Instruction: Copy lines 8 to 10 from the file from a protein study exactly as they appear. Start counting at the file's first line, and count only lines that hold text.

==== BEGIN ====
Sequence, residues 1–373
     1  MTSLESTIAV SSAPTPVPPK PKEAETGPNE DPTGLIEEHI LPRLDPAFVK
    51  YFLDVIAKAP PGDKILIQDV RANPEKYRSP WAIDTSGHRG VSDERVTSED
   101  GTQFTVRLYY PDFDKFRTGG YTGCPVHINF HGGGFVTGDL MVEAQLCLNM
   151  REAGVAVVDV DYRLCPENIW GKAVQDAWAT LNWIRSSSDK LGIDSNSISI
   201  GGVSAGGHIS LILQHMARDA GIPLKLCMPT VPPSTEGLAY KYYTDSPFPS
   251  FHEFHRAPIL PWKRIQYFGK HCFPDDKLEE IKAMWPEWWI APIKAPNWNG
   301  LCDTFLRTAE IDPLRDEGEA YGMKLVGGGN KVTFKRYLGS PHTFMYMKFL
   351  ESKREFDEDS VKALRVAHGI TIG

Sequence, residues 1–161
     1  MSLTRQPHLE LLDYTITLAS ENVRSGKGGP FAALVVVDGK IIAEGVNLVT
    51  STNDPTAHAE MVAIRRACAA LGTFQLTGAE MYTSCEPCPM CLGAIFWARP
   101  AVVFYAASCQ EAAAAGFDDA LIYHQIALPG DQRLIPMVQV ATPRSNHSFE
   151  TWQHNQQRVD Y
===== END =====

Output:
   301  LCDTFLRTAE IDPLRDEGEA YGMKLVGGGN KVTFKRYLGS PHTFMYMKFL
   351  ESKREFDEDS VKALRVAHGI TIG

Sequence, residues 1–161